7. Wang, Lu & Hu, Wei, 2013. "Immigrant health, place effect and regional disparities in Canada," Social Science & Medicine, Elsevier, pages 8-17.
    8. Antonio Fidalgo & Alberto Holly & Marco Pecoraro & Philippe Wanner, 2016. "A nonparametric analysis of the healthy immigrant effect," IRENE Working Papers 16-15, IRENE Institute of Economic Research.
    9. Chadwick, Kathryn A. & Collins, Patricia A., 2015. "Examining the relationship between social support availability, urban center size, and self-perceived mental health of recent immigrants to Canada: A mixed-methods analysis," Social Science & Medicine, Elsevier, pages 220-230.
    10. Newbold, K. Bruce & Neligan, David, 2012. "Disaggregating Canadian immigrant smoking behaviour by country of birth," Social Science & Medicine, Elsevier, pages 997-1005.
    11. Zunzunegui, Maria-Victoria & Forster, Mathieu & Gauvin, Lise & Raynault, Marie-France & Douglas Willms, J., 2006. "Community unemployment and immigrants' health in Montreal," Social Science & Medicine, Elsevier, vol. 63(2), pages 485-500, July.
    12. James Ted McDonald, 2005. "The Health Behaviors of Immigrants and Native-born People in Canada," Social and Economic Dimensions of an Aging Population Research Papers 144, McMaster University.
    13. Ahmed, Nina, 2005. "Intergenerational Impact of Immigrants' Selection and Assimilation on Health Outcomes of Children," Analytical Studies Branch Research Paper Series 2005247e, Statistics Canada, Analytical Studies Branch.
    14. Rivera, Berta & Casal, Bruno & Currais, Luis, 2013. "Healthy Immigrant Effect: Trayectoria de salud de la población inmigrante a partir de la ENSE 2011-2012/Healthy Immigrant Effect: An Empirical Approach to the Health Trajectory of Immigrant Population," Estudios de Economía Aplicada, Estudios de Economía Aplicada, vol. 31, pages 339-358, Septiembr.
    15. Sara Rellstab & Marco Pecoraro & Alberto Holly & Philippe Wanner & Karine Renard, 2016. "The Migrant Health Gap and the Role of Labour Market Status: Evidence from Switzerland," IRENE Working Papers 16-14, IRENE Institute of Economic Research.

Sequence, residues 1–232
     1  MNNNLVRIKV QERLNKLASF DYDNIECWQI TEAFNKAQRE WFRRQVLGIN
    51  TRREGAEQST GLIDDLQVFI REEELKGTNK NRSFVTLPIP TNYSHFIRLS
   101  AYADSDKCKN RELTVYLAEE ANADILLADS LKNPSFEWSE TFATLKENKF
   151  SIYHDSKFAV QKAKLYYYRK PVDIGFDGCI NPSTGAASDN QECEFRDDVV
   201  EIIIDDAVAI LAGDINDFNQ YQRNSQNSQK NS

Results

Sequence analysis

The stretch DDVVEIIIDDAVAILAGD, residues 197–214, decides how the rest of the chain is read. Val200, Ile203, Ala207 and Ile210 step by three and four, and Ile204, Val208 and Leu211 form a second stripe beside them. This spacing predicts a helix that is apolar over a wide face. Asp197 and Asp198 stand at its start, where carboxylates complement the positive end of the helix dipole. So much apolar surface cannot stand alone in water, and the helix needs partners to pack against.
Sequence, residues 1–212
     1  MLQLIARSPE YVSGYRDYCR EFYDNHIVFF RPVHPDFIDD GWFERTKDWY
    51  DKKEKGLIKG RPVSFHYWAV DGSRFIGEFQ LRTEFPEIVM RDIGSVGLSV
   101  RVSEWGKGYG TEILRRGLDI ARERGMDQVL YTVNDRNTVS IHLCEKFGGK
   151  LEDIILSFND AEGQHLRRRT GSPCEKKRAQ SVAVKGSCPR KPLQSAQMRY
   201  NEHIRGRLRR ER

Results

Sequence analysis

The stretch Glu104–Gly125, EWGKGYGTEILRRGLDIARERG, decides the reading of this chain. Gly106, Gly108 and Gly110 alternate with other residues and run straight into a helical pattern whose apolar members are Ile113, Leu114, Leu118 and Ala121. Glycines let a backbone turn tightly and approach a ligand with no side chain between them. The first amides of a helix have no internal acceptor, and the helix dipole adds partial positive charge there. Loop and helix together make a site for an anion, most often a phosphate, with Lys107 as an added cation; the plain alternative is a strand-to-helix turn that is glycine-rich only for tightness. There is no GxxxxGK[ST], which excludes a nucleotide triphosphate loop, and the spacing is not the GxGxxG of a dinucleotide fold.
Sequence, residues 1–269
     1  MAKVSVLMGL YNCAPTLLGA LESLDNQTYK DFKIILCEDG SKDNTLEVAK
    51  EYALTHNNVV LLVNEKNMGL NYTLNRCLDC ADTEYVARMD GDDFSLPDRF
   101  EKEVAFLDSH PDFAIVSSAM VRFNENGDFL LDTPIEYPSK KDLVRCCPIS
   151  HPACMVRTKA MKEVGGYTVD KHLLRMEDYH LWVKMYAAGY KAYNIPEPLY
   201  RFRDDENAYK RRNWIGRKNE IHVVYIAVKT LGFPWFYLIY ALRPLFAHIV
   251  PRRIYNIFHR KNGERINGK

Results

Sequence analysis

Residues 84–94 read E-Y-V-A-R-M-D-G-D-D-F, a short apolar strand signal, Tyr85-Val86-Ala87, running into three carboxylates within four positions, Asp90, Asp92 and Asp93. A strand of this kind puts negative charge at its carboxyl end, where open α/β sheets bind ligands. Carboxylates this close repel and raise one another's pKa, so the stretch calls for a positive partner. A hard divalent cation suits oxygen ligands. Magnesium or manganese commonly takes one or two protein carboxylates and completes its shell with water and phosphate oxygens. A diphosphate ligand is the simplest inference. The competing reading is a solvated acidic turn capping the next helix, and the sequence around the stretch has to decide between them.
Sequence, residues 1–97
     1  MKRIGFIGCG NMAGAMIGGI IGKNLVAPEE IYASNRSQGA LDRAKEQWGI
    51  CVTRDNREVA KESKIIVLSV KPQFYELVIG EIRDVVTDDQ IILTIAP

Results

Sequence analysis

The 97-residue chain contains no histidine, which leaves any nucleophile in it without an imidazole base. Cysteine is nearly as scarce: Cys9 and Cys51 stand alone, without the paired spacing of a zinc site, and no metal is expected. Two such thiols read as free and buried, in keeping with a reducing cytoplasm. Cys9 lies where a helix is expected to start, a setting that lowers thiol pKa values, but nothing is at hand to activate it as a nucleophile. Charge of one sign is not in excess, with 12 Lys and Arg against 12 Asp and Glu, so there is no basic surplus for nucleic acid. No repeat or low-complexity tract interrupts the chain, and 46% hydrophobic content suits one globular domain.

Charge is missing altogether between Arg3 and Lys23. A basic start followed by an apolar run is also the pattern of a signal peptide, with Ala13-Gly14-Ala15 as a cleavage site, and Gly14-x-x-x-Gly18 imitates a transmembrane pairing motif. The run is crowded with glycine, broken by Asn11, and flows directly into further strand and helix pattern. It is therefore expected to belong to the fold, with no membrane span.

16. Acevedo-Garcia, Dolores & Bates, Lisa M. & Osypuk, Theresa L. & McArdle, Nancy, 2010. "The effect of immigrant generation and duration on self-rated health among US adults 2003-2007," Social Science & Medicine, Elsevier, vol. 71(6), pages 1161-1172, September.
    17. Gadalla, Tahany M., 2009. "Determinants, correlates and mediators of psychological distress: A longitudinal study," Social Science & Medicine, Elsevier, vol. 68(12), pages 2199-2205, June.
    18. Dean, Jennifer Asanin & Wilson, Kathi, 2010. ""My health has improved because I always have everything I need here...": A qualitative exploration of health improvement and decline among immigrants," Social Science & Medicine, Elsevier, vol. 70(8), pages 1219-1228, April.
    19. Jatrana, Santosh & Pasupuleti, Samba Siva Rao & Richardson, Ken, 2014. "Nativity, duration of residence and chronic health conditions in Australia: Do trends converge towards the native-born population?," Social Science & Medicine, Elsevier, pages 53-63.
    20. Wang, Lu & Rosenberg, Mark & Lo, Lucia, 2008. "Ethnicity and utilization of family physicians: A case study of Mainland Chinese immigrants in Toronto, Canada," Social Science & Medicine, Elsevier, vol. 67(9), pages 1410-1422, November.
    21. Newbold, K.Bruce & Simone, Dylan, 2015. "Comparing disability amongst immigrants and native-born in Canada," Social Science & Medicine, Elsevier, pages 53-62.
    22. Wang, Lu & Kwak, Min-Jung, 2015. "Immigration, barriers to healthcare and transnational ties: A case study of South Korean immigrants in Toronto, Canada," Social Science & Medicine, Elsevier, pages 340-348.